Outlook 2008: BioTech Offers Investment Longevity

Editor’s Note: This is the 16th Installment of an Ongoing Series Highlighting the Global Investing Outlook for 2008.
By Jason Simpkins
Associate Editor

In 2007, biotech stocks doubled the return of the Standard & Poor’s 500 Index, storming back from a sub-par 2006. And last year’s industry-wide restructuring – fueled by a slew of mergers and acquisitions – has positioned the biotechnology sector to surge again in 2008.

The industry fundamentals are strong, too, as evidenced by both the frenetic M&A activity and the stock-buyback programs of many key players. Last year’s big spike in deals reminds us that pharmaceutical companies will pay premium prices to acquire potential new products and cutting-edge biotechnologies.

Investors looking into biotech companies are typically looking to turn $10,000 into $1.6 million, like early investors in Amgen Inc. (AMGN) did. But new opportunities within the industry have begun to blossom, fueled by the needs of such newly emergent economies as those in Asia and Latin America.

Indeed, biotech firms with the foresight to focus on emerging-market trends have given themselves big-play potential and are positioning themselves to outperform their rivals, as well as the sector as a whole.

Those who want to profit from this sector should look at companies that are focusing on one of two opportunities that figure to be key in both 2008 and beyond. Among the best profit opportunities will be:

  • Bio-pharmaceutical companies developing products, compounds or therapies aimed at treating major diseases.
  • So-called “life-sciences” firms in the fast-emerging agribusiness sector, which is greatly benefiting from sky-high commodities prices.

Let’s take a look at several investment opportunities in both areas.

Better Living Through Chemistry

When it comes to biopharmaceuticals, one leader investors should study is Genzyme Corp. (GENZ), the third-largest player by market value. The stock is part of the Medical-Biomed/Biotech Group, which consistently ranks in the top 25 of 197 groups tracked by Investors Business Daily. The stock was one of the top performers of 2007, soaring 246%.

Genzyme focuses on rare diseases, a segment prone to less competition and higher margins. Its drugs treat diseases that affect enzymes involved with digestion and cell maintenance. Some of the products even have the ability to treat multiple diseases. For instance, Campath, a drug originally intended to treat cancer, is also used to treat multiple sclerosis.

Genzyme reported a 20% growth in revenue for 2007. And the firm had previously projected a five-year rate of revenue growth [from 2006 to 2011] ranging from 16% to 17%. It expects its earnings – excluding special items – to advance at a compound average of 20% a year during that same period.
At JPMorgan Chase & Co.’s (JPM) 26th Annual Healthcare Conference in San Francisco, Chairman and Chief Executive Officer Henri A. Termeer said Genzyme is well-positioned to deliver on its promises.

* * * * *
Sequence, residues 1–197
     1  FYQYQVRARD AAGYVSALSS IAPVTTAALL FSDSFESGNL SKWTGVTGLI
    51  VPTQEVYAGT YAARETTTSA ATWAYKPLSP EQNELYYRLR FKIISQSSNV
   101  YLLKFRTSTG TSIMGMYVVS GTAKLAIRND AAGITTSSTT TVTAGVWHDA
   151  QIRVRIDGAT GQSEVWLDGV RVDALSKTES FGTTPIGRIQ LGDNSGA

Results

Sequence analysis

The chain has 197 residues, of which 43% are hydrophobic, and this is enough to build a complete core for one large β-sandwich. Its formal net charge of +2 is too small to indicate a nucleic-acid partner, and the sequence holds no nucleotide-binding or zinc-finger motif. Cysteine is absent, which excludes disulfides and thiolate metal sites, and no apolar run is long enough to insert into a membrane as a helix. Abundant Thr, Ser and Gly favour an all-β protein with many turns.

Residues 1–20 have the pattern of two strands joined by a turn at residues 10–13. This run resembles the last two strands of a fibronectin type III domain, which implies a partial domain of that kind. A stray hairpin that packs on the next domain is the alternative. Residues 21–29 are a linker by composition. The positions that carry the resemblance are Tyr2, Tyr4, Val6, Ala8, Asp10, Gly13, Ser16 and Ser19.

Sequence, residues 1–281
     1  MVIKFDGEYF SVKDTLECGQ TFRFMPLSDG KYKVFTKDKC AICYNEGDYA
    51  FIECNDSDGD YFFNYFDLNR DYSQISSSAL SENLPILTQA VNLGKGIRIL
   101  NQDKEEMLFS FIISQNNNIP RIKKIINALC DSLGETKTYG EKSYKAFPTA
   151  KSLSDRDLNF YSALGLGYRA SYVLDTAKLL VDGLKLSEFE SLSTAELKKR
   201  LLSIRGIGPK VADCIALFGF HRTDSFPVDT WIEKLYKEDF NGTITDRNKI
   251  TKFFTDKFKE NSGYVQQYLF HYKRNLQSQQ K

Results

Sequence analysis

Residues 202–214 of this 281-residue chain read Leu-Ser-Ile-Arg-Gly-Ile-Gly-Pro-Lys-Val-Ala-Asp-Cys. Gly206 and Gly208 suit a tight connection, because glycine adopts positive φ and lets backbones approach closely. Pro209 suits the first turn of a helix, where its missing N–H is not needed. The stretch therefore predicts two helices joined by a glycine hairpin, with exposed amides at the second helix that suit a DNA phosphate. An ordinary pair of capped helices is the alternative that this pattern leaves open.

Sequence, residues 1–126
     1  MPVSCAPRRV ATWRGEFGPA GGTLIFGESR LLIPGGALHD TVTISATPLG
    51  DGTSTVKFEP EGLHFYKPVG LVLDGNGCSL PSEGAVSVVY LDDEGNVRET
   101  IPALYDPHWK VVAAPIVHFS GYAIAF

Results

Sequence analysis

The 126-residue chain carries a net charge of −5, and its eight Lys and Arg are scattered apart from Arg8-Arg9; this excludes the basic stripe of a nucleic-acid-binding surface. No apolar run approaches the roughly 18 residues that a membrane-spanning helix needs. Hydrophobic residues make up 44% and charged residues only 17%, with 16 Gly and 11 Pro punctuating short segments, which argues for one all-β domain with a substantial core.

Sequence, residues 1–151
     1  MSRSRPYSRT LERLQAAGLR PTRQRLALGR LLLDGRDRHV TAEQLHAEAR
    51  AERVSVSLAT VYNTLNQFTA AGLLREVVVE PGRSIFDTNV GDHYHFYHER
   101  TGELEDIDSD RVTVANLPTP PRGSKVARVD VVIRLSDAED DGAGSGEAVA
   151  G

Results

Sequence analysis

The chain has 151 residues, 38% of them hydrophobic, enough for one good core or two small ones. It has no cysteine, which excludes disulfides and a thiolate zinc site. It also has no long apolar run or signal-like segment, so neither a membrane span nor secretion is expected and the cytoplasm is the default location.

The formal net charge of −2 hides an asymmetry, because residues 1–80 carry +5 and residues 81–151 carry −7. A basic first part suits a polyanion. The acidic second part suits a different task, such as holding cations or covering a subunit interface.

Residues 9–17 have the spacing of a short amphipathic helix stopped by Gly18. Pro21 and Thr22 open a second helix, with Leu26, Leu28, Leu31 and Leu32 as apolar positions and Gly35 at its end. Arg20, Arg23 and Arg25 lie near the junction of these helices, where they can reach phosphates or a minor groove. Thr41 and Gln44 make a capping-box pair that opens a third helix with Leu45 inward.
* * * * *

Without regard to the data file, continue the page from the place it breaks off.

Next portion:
“We are on track to deliver 20% earnings growth through 2011, and we feel bullish as we look ahead at the picture that is unfolding for Genzyme,” Termeer said.

Investor and entrepreneur Carl Icahn seems to agree: He recently dropped $94 million on 1.5 million shares of Genzyme, fanning speculation the company was emerging as a takeover candidate. Termeer has publicly denied such rumors.

Even if Genzyme isn’t snapped up, it’s a strong industry player with a substantial upside, industry experts believe. As a larger, established player, it has its own global sales force, and a long-term strategic plan that focuses on deliverable growth.

Last year, Genzyme received the National Medal of Technology, which the U.S. president awards for technological innovation. It has more than 10,000 employees operating in 90 countries around the world.

BioMarin Pharmaceutical Inc. (BMRN) is another leader in the treatment of rare diseases. BioMarin shares are up nearly 40% in the past month, a jump largely attributed to FDA approval of its new drug Kuvan.

Kuvan treats an enzyme disorder known as phenylketonuria, or PKU. Left untreated, this condition can impede brain development, leading to seizures and spiraling levels of mental retardation. In the developed markets of the world, about 50,000 people have the rare condition, and BioMarin estimates Kuvan could be effective in 30% and 50% of them. The price each client will pay for the drug will vary, dependent on the severity of each case, dosing levels, and government reimbursement. 

For those reasons, estimates of just how much money the drug will generate are unclear. BioMarin could charge anywhere between $30,000 and $60,000 per patient, per year. The company’s 2008 sales estimate for the drug was between $35 million and $70 million in the United States. Should the drug gain approval in the European Union (EU) this year, BioMarin will get another revenue boost. Since there is no other existing therapy for the disease, nor is there any known to be in development. BioMarin would control the market.

BioMarin has also restructured a joint venture with Genzyme. The two companies co-produce the drug Aldurazyme, a drug used in the treatment of mucopolysaccharidosis (MPSI). BioMarin manufactures the drug, and Gemzyme globally markets and sells it globally. 

As of Jan. 1, instead of sharing all costs and profits equally, Genzyme will record sales of Aldurazyme, and pay BioMarin between 40% and 50% of the proceeds, based on total sales.

“This structure will also reduce management time and provide stronger incentives for each company to maximize the efficiency of its own operations related to Aldurazyme,” BioMarin CEO Jean-Jacques Bienaime said in a statement.

Aldurazyme costs more than $100,000 a year in some places, and generated sales of $96 million last year.

BioMarin has both a strong product lineup and a strong market base.

“I like the BioMarin right here. That's been my biotech stock, and I am not backing away,” Jim Cramer, the former hedge-fund manager and current TV personality, said on the Jan. 14 broadcast of his investing show, Mad Money.

Growing Profits Where None Existed